Tuesday, 14 December 2010

Quorn Lasagne


As I frequently make my own Quorn Lasagne anyway, I was intrigued to find out how this recipe would compare. I tend to just ad lib with quorn mince, tinned tomatoes and whatever veg I have lying round in the fridge and generally it's pretty tasty, it is one of my husband's favourites - this had a lot to live up to therefore.

Actually we were very, VERY impressed with this lasagne. The richness of the sauce is phenomenal and for the first time ever I also made my own white sauce (a skill I will definitely be using again in the future) which also got the thumbs up. We both thoroughly enjoyed this and it definitely was better than my own versions - but the only downer for me is the points content, which is high.

This is a picture of the finished lasagne before serving, textbook apart from the cheese dribbling down the side of the dish!

I think I actually needed a slightly bigger lasagne dish for this - or even an actual lasagne dish would probably help, this is just a ceramic roaster which I normally use but which struggled with the quantities of this recipe. 

Anyway, once served this was what it looked like, it is making me want to eat it again actually looking at these images, that is testament to how nice it was:

I think that the secret to why the sauce is so good and tastes so rich is down to two elements, firstly the addition of red pesto and secondly the 3 tbsp of red wine. Neither of these are items which I generally add to my lasagne sauce but here they seemed to make a real difference and add a tasty depth to the flavour. This recipe uses passata where I would usually use chopped tomatoes and again I think I preferred this in the sauce, which seemed less dry as a result.

The white sauce was actually surprisingly easy to make and in retrospect I don't really know why I have never made this myself before as it is much nicer than the synthetic versions you can buy in jars and which I generally end up scraping off the top of my portion of lasagne anyway. Flour, butter, milk and some grated cheese turned into a silky, thick and smooth rue.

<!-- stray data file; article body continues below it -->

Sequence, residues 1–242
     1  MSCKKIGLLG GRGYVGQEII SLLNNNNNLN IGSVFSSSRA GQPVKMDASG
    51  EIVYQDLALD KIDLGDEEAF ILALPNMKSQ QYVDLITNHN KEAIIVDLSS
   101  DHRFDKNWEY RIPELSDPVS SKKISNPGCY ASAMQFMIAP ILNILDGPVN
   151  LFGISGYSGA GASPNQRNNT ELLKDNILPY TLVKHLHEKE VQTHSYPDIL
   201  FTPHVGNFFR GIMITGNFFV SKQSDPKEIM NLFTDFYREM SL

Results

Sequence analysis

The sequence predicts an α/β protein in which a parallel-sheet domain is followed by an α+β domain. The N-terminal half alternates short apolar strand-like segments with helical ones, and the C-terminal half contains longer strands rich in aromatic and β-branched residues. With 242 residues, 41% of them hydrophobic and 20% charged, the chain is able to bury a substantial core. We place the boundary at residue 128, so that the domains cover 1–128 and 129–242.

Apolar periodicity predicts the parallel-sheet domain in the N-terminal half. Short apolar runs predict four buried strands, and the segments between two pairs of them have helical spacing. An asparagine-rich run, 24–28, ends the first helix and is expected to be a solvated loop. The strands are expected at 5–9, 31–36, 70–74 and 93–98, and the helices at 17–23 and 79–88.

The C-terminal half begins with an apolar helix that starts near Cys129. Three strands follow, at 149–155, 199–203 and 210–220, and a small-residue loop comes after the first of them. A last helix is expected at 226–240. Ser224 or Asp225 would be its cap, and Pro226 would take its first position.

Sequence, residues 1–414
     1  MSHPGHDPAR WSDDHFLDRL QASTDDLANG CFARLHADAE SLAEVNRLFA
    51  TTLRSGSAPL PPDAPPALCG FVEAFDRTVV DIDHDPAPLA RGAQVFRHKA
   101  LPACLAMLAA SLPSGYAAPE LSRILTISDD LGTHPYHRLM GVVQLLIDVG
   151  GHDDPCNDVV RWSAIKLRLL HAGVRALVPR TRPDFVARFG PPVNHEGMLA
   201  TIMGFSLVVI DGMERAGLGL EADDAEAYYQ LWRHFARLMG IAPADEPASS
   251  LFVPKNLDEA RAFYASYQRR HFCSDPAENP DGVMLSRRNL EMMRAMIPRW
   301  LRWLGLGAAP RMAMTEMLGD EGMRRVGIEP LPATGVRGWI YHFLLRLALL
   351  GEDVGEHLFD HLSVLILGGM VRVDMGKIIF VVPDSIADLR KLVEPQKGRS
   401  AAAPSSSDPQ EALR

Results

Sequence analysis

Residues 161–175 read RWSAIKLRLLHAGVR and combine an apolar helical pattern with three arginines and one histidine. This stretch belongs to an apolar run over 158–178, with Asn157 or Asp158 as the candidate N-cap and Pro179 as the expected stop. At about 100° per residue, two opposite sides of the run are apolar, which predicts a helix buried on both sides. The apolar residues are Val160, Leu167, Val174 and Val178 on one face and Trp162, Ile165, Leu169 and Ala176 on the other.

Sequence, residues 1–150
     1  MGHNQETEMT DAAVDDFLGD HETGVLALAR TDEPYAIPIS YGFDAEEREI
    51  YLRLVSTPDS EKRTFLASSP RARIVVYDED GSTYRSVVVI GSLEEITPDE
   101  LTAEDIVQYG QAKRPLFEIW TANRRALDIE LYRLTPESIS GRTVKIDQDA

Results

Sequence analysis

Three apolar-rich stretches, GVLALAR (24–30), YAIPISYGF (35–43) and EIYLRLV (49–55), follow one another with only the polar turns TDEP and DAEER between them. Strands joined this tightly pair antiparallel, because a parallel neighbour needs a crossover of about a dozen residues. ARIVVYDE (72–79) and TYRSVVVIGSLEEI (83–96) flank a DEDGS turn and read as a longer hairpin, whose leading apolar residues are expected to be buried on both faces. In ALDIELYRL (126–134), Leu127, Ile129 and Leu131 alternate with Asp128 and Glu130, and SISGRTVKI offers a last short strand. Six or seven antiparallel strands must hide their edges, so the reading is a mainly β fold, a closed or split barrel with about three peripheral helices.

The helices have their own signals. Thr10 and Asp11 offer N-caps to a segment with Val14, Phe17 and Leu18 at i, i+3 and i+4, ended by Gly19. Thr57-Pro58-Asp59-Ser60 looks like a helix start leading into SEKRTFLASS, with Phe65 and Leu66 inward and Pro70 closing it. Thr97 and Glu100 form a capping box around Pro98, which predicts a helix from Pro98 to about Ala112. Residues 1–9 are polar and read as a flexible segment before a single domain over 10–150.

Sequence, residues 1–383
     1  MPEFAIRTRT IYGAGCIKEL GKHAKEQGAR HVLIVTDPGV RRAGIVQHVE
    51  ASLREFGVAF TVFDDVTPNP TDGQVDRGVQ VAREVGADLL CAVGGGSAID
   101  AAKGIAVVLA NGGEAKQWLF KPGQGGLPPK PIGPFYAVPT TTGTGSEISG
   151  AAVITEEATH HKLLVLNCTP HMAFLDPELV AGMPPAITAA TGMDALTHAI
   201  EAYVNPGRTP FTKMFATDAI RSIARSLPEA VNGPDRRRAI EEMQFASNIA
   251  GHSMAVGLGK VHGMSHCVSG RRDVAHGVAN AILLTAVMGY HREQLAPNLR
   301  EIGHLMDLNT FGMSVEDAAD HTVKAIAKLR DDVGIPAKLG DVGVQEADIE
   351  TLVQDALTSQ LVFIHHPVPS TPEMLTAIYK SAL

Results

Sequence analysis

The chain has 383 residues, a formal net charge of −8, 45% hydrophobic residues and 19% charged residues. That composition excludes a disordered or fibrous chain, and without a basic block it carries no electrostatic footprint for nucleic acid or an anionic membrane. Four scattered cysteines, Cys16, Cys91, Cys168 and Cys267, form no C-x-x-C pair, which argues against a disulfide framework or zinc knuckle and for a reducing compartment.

So, this ticked every box in terms of flavour, simplicity and satisfaction - but what about the points?

It is important to clarify that due to the shape of my lasagne dish and the sizes, I made this recipe into 3 portions although in the book it is down as serving 4. I only served this with a salad and no other carbs and to me this was a generous and filling portion. 

Based on this recipe serving 3, on propoints, a portion of this lasagne costs 18 points which, I am sure you will agree, is quite high. This is broken down as follows: lasagne sheets (4), quorn mince (2), pesto (2), oil (2), milk in white sauce (1), butter in white sauce (2), cheese in white sauce and on top (3) flour and red wine (2). 

Despite this being a high points scorer I actually think it is worth the splurge (and anyway, if I know I am having it again I will do some exercise to earn extra points for the day). It certainly tastes so good that even at 18 points it seems pretty good value for such a rich dish.

The pesto and red wine in the sauce clearly help with this and personally I feel like this recipe has given me new inspiration where lasagne is concerned, a dish I frequently cook has been injected with a whole new range of possibilities.

This gets a 9/10 from us, definitely one of my favourites so far from the Quorn Cookbook.


  1. Hmm, I have a bag of Quorn mince in the freezer and some dried lasagne sheets in the cupboard. I think this will be featuring in this weekends menu. Yum!